There Be Monsters

“In like a lion, out like a lamb,” that’s what they say about March.

To the extent that expression applies to the weather this month and to this blog, I think 2014 may be the exception that proves the rule!  We may be going out like a lion in both areas.

The east coast of North America is ready for spring, but this month that opened up with winter is ending the same way.  If there was an outdoor lacrosse game in Buffalo, New York this weekend, the players were dealing with snow!

Mike_Fisher_throws_check_May_29_2006

More like a lion than a lamb: an NHL body check.

As for this blog, we opened the month with a post that had both sound and teeth, like the proverbial carnivore itself:  our first podcast was a discussion with Drs. Neil Craton and Oliver Leslie, the authors of the March 2014 CJSM lead editorial, Time to Re-Think the Zurich Guidelines: a Critique on the Consensus Statement on Concussion in Sport.  I continue to hear about this editorial, on social media, on the American Medical Society for Sports Medicine email ListServ, and most recently at a symposium on concussions held at Ohio State University (OSU).  It has stirred a tremendous amount of interest.  And so I thought it would be fitting to end the month where we started, with the subject of concussion in sport.

The featured speaker of the OSU symposium was Kevin Guskiewicz, who spoke about “Sports concussions: paranoia or legitimate concern?”  Both he and Dr. Jim Borchers, the Ohio State Team Physician, mentioned the editorial critique in their respective talks.

If you follow the literature on sport-related concussions, you most certainly will come across Dr. Guskiewicz’s name.  He has contributed mightily to the research on several dimensions of this injury.  And so it was a pleasure to hear him speak for an hour on the subject.

As the title of his talk would indicate, Dr. Guskiewicz took as his theme the fear surrounding sport-related concussion.  Dr. Guskiewicz did an admirable job underscoring the importance of both the injury (concussion) and the need to avoid throwing out the baby with the bathwater:  eliminating collision sports such as American football out of possibly misplaced concern over short- and long-term deleterious effects on the brain.  The high points of his talk focused on the various aspects of sport amenable to change which can minimize injury risk and maximize participation.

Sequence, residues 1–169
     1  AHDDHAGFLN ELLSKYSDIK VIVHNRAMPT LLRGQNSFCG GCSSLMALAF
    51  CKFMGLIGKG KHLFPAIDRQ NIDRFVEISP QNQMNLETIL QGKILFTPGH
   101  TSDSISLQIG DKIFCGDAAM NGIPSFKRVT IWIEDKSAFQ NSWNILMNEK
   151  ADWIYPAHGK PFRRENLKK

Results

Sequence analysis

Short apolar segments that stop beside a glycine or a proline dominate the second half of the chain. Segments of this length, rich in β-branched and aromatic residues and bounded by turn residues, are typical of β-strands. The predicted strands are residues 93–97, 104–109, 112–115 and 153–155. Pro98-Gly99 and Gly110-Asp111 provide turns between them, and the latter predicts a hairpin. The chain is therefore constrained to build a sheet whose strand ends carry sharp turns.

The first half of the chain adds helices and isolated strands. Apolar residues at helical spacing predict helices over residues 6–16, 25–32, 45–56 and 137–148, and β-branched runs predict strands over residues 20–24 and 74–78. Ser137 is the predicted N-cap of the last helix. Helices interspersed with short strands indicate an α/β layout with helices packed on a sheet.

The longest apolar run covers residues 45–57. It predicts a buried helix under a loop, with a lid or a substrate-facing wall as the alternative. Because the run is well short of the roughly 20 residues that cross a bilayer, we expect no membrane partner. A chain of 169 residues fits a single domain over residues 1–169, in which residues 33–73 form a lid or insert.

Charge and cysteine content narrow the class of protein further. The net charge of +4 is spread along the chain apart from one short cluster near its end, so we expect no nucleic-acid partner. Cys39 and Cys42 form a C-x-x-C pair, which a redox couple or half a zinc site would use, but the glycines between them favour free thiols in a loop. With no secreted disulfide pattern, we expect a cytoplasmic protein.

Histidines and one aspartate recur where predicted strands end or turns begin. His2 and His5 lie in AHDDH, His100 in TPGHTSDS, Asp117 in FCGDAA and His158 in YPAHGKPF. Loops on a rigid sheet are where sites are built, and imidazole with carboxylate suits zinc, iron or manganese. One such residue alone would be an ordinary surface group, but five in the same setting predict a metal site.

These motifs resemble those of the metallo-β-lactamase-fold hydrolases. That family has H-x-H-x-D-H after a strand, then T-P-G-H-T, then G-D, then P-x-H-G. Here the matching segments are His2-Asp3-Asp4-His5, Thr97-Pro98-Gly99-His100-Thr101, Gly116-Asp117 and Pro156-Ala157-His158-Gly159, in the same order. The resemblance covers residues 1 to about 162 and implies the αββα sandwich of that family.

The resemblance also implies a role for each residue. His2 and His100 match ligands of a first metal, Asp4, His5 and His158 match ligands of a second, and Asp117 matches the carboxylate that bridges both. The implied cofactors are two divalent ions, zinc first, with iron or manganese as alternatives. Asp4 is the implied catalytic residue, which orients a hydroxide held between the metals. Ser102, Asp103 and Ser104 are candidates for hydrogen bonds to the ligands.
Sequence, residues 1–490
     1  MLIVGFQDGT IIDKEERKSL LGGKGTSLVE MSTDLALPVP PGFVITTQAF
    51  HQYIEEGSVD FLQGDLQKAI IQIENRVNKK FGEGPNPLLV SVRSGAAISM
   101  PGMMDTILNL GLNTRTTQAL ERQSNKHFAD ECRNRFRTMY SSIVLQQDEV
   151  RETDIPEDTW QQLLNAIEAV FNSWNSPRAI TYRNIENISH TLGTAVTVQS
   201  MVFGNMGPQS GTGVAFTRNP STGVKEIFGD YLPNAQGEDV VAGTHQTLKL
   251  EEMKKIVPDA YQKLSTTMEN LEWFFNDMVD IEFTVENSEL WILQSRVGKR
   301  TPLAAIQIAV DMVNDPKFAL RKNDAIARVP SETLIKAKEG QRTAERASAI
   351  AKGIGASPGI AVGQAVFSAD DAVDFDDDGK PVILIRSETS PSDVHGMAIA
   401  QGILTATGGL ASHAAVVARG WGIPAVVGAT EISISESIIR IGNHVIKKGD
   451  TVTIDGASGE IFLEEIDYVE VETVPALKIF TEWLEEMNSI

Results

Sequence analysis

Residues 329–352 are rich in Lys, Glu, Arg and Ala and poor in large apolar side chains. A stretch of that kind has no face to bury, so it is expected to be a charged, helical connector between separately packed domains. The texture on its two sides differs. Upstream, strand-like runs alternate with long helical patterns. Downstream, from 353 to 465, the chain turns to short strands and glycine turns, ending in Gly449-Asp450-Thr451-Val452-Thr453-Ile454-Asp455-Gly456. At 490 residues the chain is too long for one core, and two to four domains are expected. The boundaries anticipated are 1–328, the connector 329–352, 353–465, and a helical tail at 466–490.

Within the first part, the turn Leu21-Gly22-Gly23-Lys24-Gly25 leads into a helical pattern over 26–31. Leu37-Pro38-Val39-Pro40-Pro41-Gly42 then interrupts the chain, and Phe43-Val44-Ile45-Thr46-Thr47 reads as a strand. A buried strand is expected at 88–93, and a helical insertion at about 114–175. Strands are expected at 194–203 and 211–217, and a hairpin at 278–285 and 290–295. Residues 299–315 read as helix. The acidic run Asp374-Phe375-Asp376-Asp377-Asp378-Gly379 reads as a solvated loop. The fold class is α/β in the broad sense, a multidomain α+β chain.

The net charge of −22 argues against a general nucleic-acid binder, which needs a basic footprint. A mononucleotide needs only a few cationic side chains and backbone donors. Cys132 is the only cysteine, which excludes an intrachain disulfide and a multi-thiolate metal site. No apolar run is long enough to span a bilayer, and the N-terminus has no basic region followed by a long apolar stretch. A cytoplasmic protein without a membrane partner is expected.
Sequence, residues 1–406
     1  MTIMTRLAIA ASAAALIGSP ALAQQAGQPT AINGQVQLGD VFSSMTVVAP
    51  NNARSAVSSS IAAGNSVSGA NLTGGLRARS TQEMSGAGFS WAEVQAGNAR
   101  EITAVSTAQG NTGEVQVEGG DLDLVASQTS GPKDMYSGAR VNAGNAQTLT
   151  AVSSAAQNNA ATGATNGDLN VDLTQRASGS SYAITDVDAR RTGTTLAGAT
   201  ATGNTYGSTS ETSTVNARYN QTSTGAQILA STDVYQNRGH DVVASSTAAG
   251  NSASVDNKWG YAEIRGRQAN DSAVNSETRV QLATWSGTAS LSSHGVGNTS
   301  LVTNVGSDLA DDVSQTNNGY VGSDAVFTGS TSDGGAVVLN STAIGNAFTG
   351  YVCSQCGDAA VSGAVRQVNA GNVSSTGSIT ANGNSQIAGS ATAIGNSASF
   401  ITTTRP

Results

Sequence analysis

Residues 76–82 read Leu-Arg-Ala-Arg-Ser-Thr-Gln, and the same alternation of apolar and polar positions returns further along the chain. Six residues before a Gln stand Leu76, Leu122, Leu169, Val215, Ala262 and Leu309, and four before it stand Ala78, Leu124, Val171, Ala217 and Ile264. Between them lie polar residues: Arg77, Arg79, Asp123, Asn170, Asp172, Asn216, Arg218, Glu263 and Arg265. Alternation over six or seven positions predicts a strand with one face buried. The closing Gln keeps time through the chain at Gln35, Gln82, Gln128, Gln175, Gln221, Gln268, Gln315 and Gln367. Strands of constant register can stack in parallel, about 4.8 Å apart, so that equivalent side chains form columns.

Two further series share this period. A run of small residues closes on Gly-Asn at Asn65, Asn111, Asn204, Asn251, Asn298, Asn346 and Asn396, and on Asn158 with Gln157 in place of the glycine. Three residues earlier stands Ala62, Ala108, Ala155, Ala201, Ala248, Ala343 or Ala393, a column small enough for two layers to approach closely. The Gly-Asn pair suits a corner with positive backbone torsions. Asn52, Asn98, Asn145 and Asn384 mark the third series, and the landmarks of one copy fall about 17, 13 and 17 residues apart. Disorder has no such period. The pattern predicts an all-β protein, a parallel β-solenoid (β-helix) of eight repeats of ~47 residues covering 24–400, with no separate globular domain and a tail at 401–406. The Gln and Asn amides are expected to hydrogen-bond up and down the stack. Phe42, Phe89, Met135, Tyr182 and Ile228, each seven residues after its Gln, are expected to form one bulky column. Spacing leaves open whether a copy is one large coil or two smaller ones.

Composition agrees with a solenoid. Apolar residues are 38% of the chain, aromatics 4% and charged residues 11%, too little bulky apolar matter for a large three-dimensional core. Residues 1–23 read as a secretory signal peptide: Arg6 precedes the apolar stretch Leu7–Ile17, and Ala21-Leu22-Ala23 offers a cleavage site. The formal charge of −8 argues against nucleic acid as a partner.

I especially enjoyed his approach because, in many respects, it is the work that he and a few others have done (amplified by the media) that has helped unleash the beast of “concussion fear.” Read more of this post

What to do about concussions?

clairey

Calling aspiring
blog post writers!

There is a lot of discussion about concussions in the world of primary care sports medicine.

Breaking news?  Not!

But truly the conversation extends and deepens by the month, it seems to me.  It might be my personal, professional myopia–during football season possibly 25% of the patients in my clinic are youth athletes with sport-related concussions (SRCs).  As a consequence of that, I try to stay on top of the literature and have begun doing research in the area myself.

I hope you all have been as interested as I have over the March CJSM offerings in this area.  The journal opens with an editorial, Time to Re-think the Zurich Guidelines?  It continues with an interesting study looking at the use of those same guidelines along with the Buffalo Concussion Treadmill Test in determining return to play in adolescents following concussion.

And this blog has profiled the Zurich guidelines as well in a recent post and podcast, our first in what will be an on-going offering here at CJSM.

We are aware that there is much more to clinical sports medicine than concussion, and we make a concerted effort at the Editorial Board level to offer a continuing, rich, and diverse set of research focussed on the panoply of sport conditions we might see as clinicians.  As we move forward, we are always interested hearing from you about areas in the world of clinical sport medicine that are of special interest to you.